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projects: nfs-perf: jnewsome

I have been running various benchmarks to test the performance of NFS. The results are summarized below. Unless otherwise noted, all tests are performed with version 3 of NFS, using wsize=rsize=8192.

I am still taking more tests and analyzing the results. The contents of this page will be updated progressively as I gather more information.

The test bed is not yet complete. In particular, the linux and sun clients are on 100 and 10 Mb ethernet, respectively. Hence, the results cannot be quantitatively compared between the two platforms. We should have 1 Gb ethernet on both platforms in the near future.

Update: The test bed is now complete. The server is now the Network Appliance filer, and the linux clients are now dual 933 MHz Pentium IIIs. The linux clients and the filer are on a gigabit ethernet network. All tests taken after May will have used the new setup.

Connectathon: File & Directory Creation & Removal

Linux Sun
Test Date
5,000 files & directories 3/8/01
5,000 files & directories 3/9/01
5,000 files & directories 4/19/01
Test Date
5,000 files & directories 4/9/01


This test consists of basic tests 1 and 2 from the connectathon suite. I modified the code for these tests to display all the decimal digits in the times. The modified code is here:

test1 creates a specified number of files and directories, and test2 removes them. Each test reports the amount of time it took with microsecond resolution, using gettimeofday.

I wrote a perl script to run the tests. It runs test1 and test2 repeatedly, varying the number of files and directories to be used. The script is here:

Observations & Interpretation

On both platforms, the rate of directory creation starts very low, climbs quickly to a peak, and then tapers off gradually.

The low rate with small numbers of directories may indicate a high initial latency. It may be that the client does not wait for a reply from the server before initiating another request; This would explain why the rate gets better for a moderate number of directories. The rate tapering off may be a sign of congestion on the client or on the server.

On Linux, directory removal looks similar, while on Sun, directory removal is nearly a flat line. The rate is still somewhat slower for small numbers, but the effect is not as obvious. Also, the rate does not taper off noticeably for larger numbers.

This may mean that the congestion observed above was on the server. Since the Sun is only on 10 Mb ethernet, it is not able to put as heavy a load on the server.

For files, the rate appears to gradually taper off. There is no initial low point as was observed with the directories.

I'm not sure why the latency problem observed with directories doesn't show up with files. My initial guess is that it's something on the server side, as the client should be doing roughly the same amount of work either way.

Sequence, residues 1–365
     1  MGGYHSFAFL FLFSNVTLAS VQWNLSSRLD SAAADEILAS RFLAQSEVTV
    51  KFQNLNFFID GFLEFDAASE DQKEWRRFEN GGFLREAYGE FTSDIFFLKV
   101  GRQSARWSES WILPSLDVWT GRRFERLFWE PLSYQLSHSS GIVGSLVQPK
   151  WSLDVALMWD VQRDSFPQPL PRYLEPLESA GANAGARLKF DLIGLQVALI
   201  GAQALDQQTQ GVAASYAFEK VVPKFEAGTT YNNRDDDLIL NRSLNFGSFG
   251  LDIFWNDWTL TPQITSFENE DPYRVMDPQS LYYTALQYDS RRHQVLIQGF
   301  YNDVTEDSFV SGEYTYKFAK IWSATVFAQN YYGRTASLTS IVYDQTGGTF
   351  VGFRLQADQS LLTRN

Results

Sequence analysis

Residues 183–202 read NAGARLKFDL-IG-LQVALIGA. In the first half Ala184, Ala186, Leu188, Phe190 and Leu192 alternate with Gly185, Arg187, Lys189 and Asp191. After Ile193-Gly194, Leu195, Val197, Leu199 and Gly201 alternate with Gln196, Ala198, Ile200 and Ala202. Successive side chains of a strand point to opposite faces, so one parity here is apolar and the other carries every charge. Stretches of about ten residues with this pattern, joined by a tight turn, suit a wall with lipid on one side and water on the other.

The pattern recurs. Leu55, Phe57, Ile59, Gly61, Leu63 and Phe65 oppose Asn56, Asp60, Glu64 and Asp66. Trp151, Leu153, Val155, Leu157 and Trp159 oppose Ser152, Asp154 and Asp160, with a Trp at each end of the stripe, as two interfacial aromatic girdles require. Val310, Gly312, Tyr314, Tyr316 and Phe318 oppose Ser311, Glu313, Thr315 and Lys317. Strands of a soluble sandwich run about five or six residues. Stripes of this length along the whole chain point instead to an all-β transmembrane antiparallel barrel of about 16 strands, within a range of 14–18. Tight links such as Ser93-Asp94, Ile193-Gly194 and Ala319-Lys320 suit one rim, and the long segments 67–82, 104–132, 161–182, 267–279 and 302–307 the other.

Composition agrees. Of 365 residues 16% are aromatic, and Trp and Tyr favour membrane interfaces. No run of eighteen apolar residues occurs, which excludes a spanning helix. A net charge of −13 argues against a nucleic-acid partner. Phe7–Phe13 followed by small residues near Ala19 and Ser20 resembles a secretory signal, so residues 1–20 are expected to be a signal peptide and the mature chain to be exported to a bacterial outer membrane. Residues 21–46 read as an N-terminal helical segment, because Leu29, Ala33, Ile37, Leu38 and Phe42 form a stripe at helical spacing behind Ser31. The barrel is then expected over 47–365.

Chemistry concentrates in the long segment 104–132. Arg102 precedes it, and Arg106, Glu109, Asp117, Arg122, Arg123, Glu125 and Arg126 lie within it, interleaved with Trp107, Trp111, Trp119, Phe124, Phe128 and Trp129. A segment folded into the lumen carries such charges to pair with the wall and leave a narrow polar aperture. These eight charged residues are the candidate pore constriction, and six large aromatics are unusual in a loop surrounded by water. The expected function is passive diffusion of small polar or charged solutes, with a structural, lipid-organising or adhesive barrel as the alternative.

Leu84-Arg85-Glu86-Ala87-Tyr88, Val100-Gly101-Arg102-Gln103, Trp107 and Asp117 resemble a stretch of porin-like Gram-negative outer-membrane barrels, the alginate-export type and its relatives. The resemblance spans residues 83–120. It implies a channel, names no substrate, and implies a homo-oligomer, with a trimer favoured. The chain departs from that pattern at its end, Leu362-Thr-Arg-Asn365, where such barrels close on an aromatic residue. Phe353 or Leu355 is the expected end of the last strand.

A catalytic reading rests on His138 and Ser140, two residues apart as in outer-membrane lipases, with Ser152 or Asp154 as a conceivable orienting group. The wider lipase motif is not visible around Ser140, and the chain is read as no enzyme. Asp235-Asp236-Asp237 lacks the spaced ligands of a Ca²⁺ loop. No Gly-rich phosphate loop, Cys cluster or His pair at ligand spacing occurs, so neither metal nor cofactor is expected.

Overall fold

In all cases, creation is slower than removal. This leads me to believe that the server is the slow point in these tests, since the client does nearly the same thing to create or to remove a file or directory

Further investigation is necessary to explain these results.

Connectathon: Reading & Writing

Linux Sun
Test Date
1 to 100 MB 3/2/01
1 to 100 MB & 100 to 2000 MB 4/13/01


This test consists of basic tests 5a and 5b from the connectathon suite. test5a creates a file of a specified size. test5b reads the file created by test5a. Each of these tests report the time taken using gettimeofday.

I modified the code in 5b to prevent it from deleting the test file after reading it. This allowed me to perform two read tests on each file; one that allowed buffering, and one that disallowed it. The second was accomplished by having the server touch the file before reading. The modified code is here:

I wrote a perl script to run the tests. It runs the connectathon tests with a specified range and granularity of file sizes. The script is here:

I have not yet run this test on a sun machine, due to technical difficulties with ssh.

Observations & Interpretation

The buffered reads tend to be very fast until 53e6 bytes. There is a sharp dropoff here, and by 55e6 bytes, the buffered reads are not much faster than the unbuffered reads. Apparently, some buffer is being exhausted at this point.

In all cases, reads are faster than writes. This is probably because under NFS3, the server is not allowed to send a response to a write until the write is actually committed to disk.


Linux Sun
Test Date
Full auto 3/26/01
Test Date
Full auto 4/19/01


IOZone is a suite of filesystem tests. It can perform many kinds of tests, but I am focusing mainly on read, reread, write, and rewrite. My initial results were gathered using the -a option, which runs an extensive circuit of tests. I later learned that the -A option runs only the read, reread, write, and rewrite tests.

Observations & Interpretation

On Linux, there is not a noticeable difference between read and reread speeds. The read and reread rates are very high until the 64MB data point. This agrees with my results from the connectathon read test, which had a drop-off at around 50MB.

On the Sun client, there is no initial peak for the read tests, but there is one on the reread tests. It may be that the Sun client does not buffer data that it has just written. i.e. under Linux, the client still has the data in its buffer from the write test, while under SunOS it does not.

The Sun client does show buffering effects for its reread test. In this case, the rate does not drop off until the 256 MB data point. Apparently, the Sun client uses a larger buffer than the Linux client.

On Linux, both of the write tests are flat lines, while on the Sun client there is an initial peak. I'm not sure how to explain this yet. projects | techreports | press | lab | location | staff Email address
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